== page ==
Access to multimedia content has rapidly increased throughout the world, with videos and short clips permeating our daily life. We are consuming, producing, and interacting with videos more now than ever before. In light of increasing video fluency and interest in using videos in education, the Program on Negotiation’s Teaching Negotiation Resource Center is creating a digital video library of teaching material – making online delivery quicker, easier and cheaper – and continues to dedicate resources towards producing more video-based negotiation scenarios in the future.
Back in 2015 at a Teaching Negotiation Symposium, a TNRC pedagogy conference with more than 120 negotiation teachers and trainers in attendance, over 85% of survey respondents affirmed that video was a “valuable” asset in their classrooms. Over half of the respondents were adamant that video was in fact “very valuable” in their teaching.
Even as far back as the 2009 NP@PON Mediation Pedagogy Conference, our participant survey found that more than three-quarters of the teachers and trainers interviewed indicated that using video was important to teaching mediation.
To further study this trend of the use of video in education, specifically as it relates to teaching negotiation, the TNRC invited Hal Movius, co-author of Built To Win (with Lawrence Susskind) and founder and president of Movius Consulting, to present “Reel Life: Making and Using Films to Teach Negotiation”. Hal is a pioneer in developing corporate video-based negotiation scenarios and has created a number of videos to help organizations train staff in negotiation techniques.
Video as a Teaching Tool
Hal explains: “As a psychologist by training, I became very interested in how people respond to film. It provokes a much deeper experience than would talking or reading about a given situation.” Video-based negotiation scenarios convey lessons in a different way than a lecture, discussion, or even role-play might convey. Students who are well read in negotiation theory gain explicit “knowledge structures” with “correct” and “incorrect” answers to negotiation practices. These students define theory without fully grasping the subtle nuances required in a realistic context. Hal noticed that, after reviewing interactions in the videos, trainees reacted to the lessons with more than the common stock “correct” answers, and seemed to react with better implicit theories about negotiation.
4 Ways to Use Video in Your Class
Hal separated negotiation scenario videos into four different formats, with each providing a distinct learning opportunity:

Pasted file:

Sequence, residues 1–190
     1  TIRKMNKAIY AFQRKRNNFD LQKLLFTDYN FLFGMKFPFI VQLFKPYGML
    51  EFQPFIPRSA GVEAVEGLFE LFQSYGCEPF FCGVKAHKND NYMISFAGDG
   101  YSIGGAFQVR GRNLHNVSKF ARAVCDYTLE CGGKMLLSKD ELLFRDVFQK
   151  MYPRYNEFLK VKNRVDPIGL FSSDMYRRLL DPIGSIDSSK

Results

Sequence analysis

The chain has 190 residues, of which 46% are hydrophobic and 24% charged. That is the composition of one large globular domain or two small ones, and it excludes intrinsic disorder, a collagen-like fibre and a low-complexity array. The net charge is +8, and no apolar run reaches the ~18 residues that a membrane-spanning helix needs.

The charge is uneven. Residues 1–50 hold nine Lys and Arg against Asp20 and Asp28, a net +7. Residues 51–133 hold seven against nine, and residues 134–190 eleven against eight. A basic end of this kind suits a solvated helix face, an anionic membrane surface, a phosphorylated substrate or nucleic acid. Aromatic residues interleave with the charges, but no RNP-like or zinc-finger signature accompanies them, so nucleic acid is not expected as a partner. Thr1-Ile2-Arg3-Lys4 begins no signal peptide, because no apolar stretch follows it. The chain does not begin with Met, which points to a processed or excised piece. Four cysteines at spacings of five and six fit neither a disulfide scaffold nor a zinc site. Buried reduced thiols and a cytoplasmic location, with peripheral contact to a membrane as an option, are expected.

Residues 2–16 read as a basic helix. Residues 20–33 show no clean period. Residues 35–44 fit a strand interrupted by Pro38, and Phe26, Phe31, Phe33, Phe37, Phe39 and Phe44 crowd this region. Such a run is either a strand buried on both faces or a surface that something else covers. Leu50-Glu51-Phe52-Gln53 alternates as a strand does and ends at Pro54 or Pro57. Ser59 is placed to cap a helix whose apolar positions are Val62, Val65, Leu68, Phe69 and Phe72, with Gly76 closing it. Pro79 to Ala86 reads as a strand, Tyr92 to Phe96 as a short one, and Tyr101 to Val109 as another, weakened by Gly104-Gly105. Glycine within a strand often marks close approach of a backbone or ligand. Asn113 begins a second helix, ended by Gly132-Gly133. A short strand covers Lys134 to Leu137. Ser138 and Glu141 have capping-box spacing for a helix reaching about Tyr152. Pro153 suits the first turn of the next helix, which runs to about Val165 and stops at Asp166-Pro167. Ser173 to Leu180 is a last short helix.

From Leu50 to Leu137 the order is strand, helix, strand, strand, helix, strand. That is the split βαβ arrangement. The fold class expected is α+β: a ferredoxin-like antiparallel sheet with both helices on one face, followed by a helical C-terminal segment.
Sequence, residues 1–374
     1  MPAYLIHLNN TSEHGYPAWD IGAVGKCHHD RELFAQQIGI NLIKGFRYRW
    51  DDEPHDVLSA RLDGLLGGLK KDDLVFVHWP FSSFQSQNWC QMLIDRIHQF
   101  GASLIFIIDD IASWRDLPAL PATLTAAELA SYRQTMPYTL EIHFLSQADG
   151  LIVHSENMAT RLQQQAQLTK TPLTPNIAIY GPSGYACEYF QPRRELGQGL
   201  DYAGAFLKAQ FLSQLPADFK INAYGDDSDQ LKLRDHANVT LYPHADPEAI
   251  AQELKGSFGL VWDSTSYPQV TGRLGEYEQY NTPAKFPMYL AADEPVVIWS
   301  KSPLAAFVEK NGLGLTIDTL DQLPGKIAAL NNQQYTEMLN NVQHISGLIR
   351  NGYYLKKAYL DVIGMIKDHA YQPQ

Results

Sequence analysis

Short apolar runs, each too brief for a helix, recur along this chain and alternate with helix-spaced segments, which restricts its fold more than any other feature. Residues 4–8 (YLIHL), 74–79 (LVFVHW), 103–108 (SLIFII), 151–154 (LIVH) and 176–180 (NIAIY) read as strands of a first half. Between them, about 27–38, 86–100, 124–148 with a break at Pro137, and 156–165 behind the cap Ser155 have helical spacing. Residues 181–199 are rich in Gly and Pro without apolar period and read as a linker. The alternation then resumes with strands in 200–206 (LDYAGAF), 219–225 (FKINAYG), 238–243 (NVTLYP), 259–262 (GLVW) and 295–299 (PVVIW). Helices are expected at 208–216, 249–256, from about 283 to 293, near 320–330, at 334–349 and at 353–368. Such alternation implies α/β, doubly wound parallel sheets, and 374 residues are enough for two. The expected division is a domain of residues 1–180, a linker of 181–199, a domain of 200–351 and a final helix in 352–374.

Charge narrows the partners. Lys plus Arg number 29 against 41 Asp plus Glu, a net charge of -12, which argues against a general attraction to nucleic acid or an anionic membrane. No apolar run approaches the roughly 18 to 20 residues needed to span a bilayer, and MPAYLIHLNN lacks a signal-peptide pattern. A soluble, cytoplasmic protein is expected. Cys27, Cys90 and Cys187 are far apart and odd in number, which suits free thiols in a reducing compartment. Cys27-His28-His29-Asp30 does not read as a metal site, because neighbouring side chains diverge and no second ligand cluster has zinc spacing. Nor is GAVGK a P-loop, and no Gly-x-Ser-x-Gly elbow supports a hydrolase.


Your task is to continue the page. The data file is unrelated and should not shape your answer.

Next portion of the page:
- Queries to the audience: In this format, an actor poses a negotiation problem to the audience, at which point the trainer pauses the video and asks the participants to discuss the problem.
- Single vignettes: This format includes simulations of negotiation preparation meetings, at-the-table negotiations, coaching, facilitative learning, agency dilemmas, side meetings, and approaches to handling difficult people. Actors depict various techniques and skill sets in these role-plays.
- Paired vignettes: This structure compares and contrasts behaviors and negotiation styles in situations described above.
- Multi-scene stories: This video takes the shape of a realistic negotiation drama that unfolds over time with protagonists and back-table communications, and illustrates common barriers and challenges.
Each of the formats models different negotiation practices – preparation, moves at the table, coalition-building strategies, and other techniques and strategies. Each provides trainers and teachers with important teaching tools.
Carefully constructed queries following the viewing of a single negotiation scenario video can be used to evoke implicit theories. The trainer can use the “choice point approach” — pausing the video at any time and forcing students to respond quickly to events on the screen — to stimulate conversations about negotiation techniques or organizational behavior. Other simulations are valuable because they model negotiation complexity and provoke emotional responses reminiscent of real negotiations. Hal clarified:
“When you see two people acting in an intense role-play with one actor visibly distressed, you, as a viewer, have a physical response to the situation, the same way you do in a real-life experience.”
The multi-scene stories give students a better sense of the flow that characterizes real negotiations. Hal explained:
“Modeling the complex behaviors included in effective negotiation — in this case, on the big screen — seems to help the procedural learning of training participants and to spark additional teaching opportunities.”
Hal’s video-based negotiation scenarios provoke new opportunities to think about negotiation moves more clearly, to sharpen strategic judgments, manage feelings before, during, and after a negotiation, and allow implicit ideas, assumptions, and theories to surface.
Insights from a Faculty Dinner Seminar